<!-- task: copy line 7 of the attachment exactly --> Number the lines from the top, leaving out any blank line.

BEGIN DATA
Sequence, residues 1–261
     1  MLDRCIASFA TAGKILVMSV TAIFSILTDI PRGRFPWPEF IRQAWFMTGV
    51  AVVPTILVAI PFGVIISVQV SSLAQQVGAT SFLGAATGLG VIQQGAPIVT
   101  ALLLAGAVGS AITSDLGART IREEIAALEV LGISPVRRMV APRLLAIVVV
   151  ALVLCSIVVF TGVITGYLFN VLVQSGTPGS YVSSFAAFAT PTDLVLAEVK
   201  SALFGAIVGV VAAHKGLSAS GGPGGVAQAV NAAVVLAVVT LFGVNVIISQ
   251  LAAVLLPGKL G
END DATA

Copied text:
   251  LAAVLLPGKL G